Celebrating....prematurely?

Celebrating....prematurely? (Photos: sasod.org.gy)

In other words, at the beginning of June, the Government of Trinidad & Tobago stood up in front of all our fellow nations in the Americas and for the second time pledged with them to protect its citizens from violence and discrimination on the basis of sexual orientation and gender identity. Then they came home and at the end of the month bluntly refused to put this commitment into the National Gender Policy and Action Plan.

The second time? Yes: the 2009 resolution references a very similar resolution that Trinidad & Tobago also supported the year before, the first time in the history of the hemisphere that the words sexual orientation and gender identity appeared in an official document approved by the 34 countries of the Americas:

  • The Commonwealth summit in Port of Spain this November poses a fascinating opportunity for GLBT Trinbagonians. British Foreign Office minister Chris Bryant wants gay rights to be a focus of the meeting and of UK foreign policy. And across the Commonwealth, human rights lawyers and activists are strategizing together to bring an end to the buggery laws we all inherited from colonization. When India’s was overturned in the courts in early July, the question was: will Trinidad & Tobago be next? Click below to find out.

(more…)

29 June, 2009

Lyrics to make a politician cringe

GROUPS LABEL GAYS’ EXCLUSION FROM NATIONAL GENDER POLICY “1919” THINKING: LAUNCH NEW COALITION WITH 20/20 VISION OF CITIZENSHIP & SEXUAL ORIENTATION

Gender Minister Marlene McDonald’s comments about government policy and sexual orientation last week, and their timing days before the local GLBT community begins its fifteenth annual celebration of Gay Pride, have motivated gay, lesbian, bisexual and transgender citizens of Trinidad & Tobago and their organizations to come together to form a new advocacy coalition. The Coalition Advocating for Inclusion of Sexual Orientation (CAISO) aims to educate public decisionmakers about modern understandings of sexual orientation and gender identity, and to help the public embrace the full humanity of Trinidad & Tobago citizens of diverse sexual orientations and gender identities. At last Thursday’s press briefing following the acceptance of the new National Gender Policy and Action Plan by Cabinet, Min. McDonald told the media: “We are not dealing with any issues related to…same-sex unions, homosexuality or sexual orientation.”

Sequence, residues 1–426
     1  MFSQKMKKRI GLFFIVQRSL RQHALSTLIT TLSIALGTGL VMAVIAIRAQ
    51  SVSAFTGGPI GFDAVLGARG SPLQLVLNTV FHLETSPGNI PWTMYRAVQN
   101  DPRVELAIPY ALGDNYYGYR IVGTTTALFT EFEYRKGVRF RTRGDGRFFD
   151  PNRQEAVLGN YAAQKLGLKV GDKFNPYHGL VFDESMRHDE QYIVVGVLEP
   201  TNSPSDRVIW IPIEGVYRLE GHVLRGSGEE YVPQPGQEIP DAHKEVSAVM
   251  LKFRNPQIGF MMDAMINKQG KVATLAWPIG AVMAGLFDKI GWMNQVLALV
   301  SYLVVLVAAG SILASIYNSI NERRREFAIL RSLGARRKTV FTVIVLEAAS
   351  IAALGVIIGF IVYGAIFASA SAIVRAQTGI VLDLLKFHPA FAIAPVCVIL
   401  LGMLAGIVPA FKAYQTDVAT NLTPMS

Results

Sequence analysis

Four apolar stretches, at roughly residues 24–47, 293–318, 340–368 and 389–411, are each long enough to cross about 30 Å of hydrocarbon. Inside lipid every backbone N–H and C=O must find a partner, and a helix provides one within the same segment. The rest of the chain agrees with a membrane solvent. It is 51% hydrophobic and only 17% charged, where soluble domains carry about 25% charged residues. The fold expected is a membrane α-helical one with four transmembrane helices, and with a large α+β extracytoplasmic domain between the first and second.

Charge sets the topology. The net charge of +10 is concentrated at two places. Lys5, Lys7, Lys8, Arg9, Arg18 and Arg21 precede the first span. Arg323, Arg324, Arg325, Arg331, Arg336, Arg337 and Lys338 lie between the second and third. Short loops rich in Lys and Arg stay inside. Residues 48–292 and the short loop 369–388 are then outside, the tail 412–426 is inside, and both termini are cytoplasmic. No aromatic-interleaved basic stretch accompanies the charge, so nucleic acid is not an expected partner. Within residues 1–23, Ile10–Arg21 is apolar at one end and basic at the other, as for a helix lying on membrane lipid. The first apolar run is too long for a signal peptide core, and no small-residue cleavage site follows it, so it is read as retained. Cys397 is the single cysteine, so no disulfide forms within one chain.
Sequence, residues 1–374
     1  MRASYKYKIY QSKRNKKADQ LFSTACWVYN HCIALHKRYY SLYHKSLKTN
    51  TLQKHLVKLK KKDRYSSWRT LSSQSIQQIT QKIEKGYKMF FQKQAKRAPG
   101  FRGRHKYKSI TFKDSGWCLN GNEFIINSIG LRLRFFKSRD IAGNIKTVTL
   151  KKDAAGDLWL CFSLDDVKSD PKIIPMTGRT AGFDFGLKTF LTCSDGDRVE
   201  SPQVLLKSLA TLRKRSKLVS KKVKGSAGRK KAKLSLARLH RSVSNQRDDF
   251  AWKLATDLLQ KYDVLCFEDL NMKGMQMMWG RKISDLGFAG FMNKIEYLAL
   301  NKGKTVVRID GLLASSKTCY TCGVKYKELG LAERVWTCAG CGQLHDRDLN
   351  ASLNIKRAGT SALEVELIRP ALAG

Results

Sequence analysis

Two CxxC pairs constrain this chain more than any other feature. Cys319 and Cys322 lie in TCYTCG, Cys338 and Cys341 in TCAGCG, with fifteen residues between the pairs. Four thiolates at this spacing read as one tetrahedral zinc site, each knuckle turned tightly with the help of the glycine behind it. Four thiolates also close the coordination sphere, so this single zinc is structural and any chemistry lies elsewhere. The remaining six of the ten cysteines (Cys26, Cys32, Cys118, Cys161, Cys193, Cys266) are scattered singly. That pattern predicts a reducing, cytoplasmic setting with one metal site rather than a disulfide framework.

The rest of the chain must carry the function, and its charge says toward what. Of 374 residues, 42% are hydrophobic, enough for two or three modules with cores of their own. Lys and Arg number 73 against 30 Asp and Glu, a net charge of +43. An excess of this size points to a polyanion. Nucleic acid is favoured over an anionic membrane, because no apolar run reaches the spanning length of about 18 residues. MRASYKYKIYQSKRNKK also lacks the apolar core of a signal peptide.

“The Minister’s statement was, sadly, sadly 1919,” said David DK Soomarie. “Saying you ‘are not dealing’ with your own citizens is the kind of power-drunk thinking that we expect from unaccountable governments in places like Iran and Zimbabwe, not here in Trinidad & Tobago. Our vision is to build Trinidad & Tobago into a developed nation in its treatment of sexual orientation and gender identity. GLBT people are fully human, fully citizens. We’re taxpayers. And our country will never achieve developed nation status when our Government leaders can stand up boldly and declare that they intend to leave out and treat as second-class whole groups of citizens.” Soomarie is a leader of 4Change, one of the coalition’s member groups that is named after section 4 (Recognition and Declaration of Rights and Freedoms) of the Trinidad & Tobago Constitution. 4Change formed in 2007 inspired by the successful lawsuit by maxi driver Kennty Mitchell after his humiliation by police officers for being gay.

                                      a "1919" vision of sexual orientation:                                      backwards, out of touch with reality, elitist

Gender Minister Marlene Mc Donald: a "1919" vision of sexual orientation—backwards, out of touch with reality, elitist

CAISO’s plans include: a website, monthly meetings, fundraising at home and abroad, educational activities with public and religious officials, and collaboration with local and international research, advocacy and human rights groups. The group also pledged to support efforts to provide affirming opportunities for GLBT people to practise their faiths.

(more…)